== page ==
I’ve often talked about how the way I take care of myself is tightly interwoven with the way I feel about myself.
Today I can be deeply rooted in my true worth and identity, the next day I am wandering around lost looking for a morsel of approval from anyone who is willing to deal.
I am an approval junkie.
I think this is important, because at every seminar or support group I’ve ever led, I’ve asked those who are approval addicts to raise their hands. Every single person always does. There is something about this that’s linked to a struggle with self care.
It helps me to know this is my tendency. It might be more accurate to describe it as willingness to do anything on earth to avoid disapproval because I find that feeling so awful and uncomfortable.
Martha Beck puts it like this: “Being dependent on approval—so dependent that we barter away all our time, energy, and personal preferences to get it—ruins lives. It divorces us from our true selves, precludes real intimacy, and turns us into seething cesspools of suppressed rage (of course, I mean that in a nice way).”
There is a saying that everyone you meet is your teacher. I’m not sure about that, but I do believe I learn something from everyone I meet. Maybe that’s the same thing. Anyway, I recently offended someone I know with an email that was meant to be encouragement and support. I felt the hot rush of shame shoot through me when I realized it.
The first things that come up in me are defensiveness, justification and blame. But I have written over my desk these words:
“The soul takes responsibility. The ego blames and transfers responsibility. Which are you living an ego-driven or soul-centered life?” – Debbie Ford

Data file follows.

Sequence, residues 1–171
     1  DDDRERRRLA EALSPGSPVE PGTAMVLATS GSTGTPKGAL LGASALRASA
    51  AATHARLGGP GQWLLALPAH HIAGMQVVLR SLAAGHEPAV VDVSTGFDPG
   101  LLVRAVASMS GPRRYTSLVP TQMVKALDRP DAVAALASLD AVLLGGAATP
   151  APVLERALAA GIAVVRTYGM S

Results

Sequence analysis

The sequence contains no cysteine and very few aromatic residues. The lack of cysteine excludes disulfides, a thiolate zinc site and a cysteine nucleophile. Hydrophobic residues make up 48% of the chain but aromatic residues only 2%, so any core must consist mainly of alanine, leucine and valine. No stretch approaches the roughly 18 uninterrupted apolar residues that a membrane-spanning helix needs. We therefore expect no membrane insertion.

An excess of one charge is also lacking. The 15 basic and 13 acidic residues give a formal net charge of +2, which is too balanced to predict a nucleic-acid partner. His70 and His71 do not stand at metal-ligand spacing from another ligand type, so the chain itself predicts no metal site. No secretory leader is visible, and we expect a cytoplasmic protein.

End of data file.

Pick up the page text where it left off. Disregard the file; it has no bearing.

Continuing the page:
If I want to stay soul-centered, I cannot allow myself to get defensive. As Byron Katie says, “Defense is the first act of war.” Defensiveness keeps me from being rooted in my true worth and identity and allows me to slip into my wounded self; the victim.
Truth: My response must be love. And that is so difficult.
When I am stuck in victim mode, I am the worst decision maker ever. I am self destructive. I am short term gratification all the way. Back in the day, that first cigarette after attempting to quit was often accompanied by raging thoughts along the lines of, “look what you made me DO!” I am not in my right mind in this state of being. I am not rooted in Truth, I am separated from it.
Truth: My wounded self is the worst decision maker ever. (Write this down. It is very important!)
When we are talking about health and fitness, remember the choices have to be extraordinary. So how does my wounded, broken victim self learn to make extraordinary choices? My wounded, broken victim self can’t. All she really knows how to do is blame and transfer responsibility, with favorites such as these:
See how you made me feel!
Look what you made me say.
Look what you made me do.
Look what you made me eat.
Look what you made me become.
I can’t stay in that. My job is to read, pray, sing, run, walk, dance, meditate and get myself up and out of my wounded, broken victim self and back to my whole, healed authentic self.
Truth: We choose which one shows up and makes decisions; victim or warrior.
The problem is this. We don’t keep up the daily practices that keep us rooted in our whole, healed authentic selves. We skip reading, praying, singing, running, walking, dancing and meditating because we don’t make the commitment. Then disapproval, or some other trigger, comes along and plunks us right back into our wounds.
Truth: We must create daily practices that keep us rooted in our whole, healed authentic selves.
I am learning not to wait until I am already being pulled under. I am learning to make this a priority, to commit to daily practices that help me stay rooted in the truth. Then I can show up as the warrior, not the victim. This allows me to hold space for others, no matter where they are in their walk. Nothing anyone does or says is about me. Nothing. Everyone is just working out their own battle between ego/flesh and Spirit. Suddenly I can see people without judging them and extend grace.
From that place, I can choose consistently well; my breakfast, my activity, my responses to conflict, all of it. That is the key. Choosing well. Choosing extraordinary. The goal is not to force ourselves to make better choices. The goal is to stay rooted in our authentic selves, and from that place I guarantee health and fitness and extraordinary choices come without the battle. And sometimes even includes a cupcake.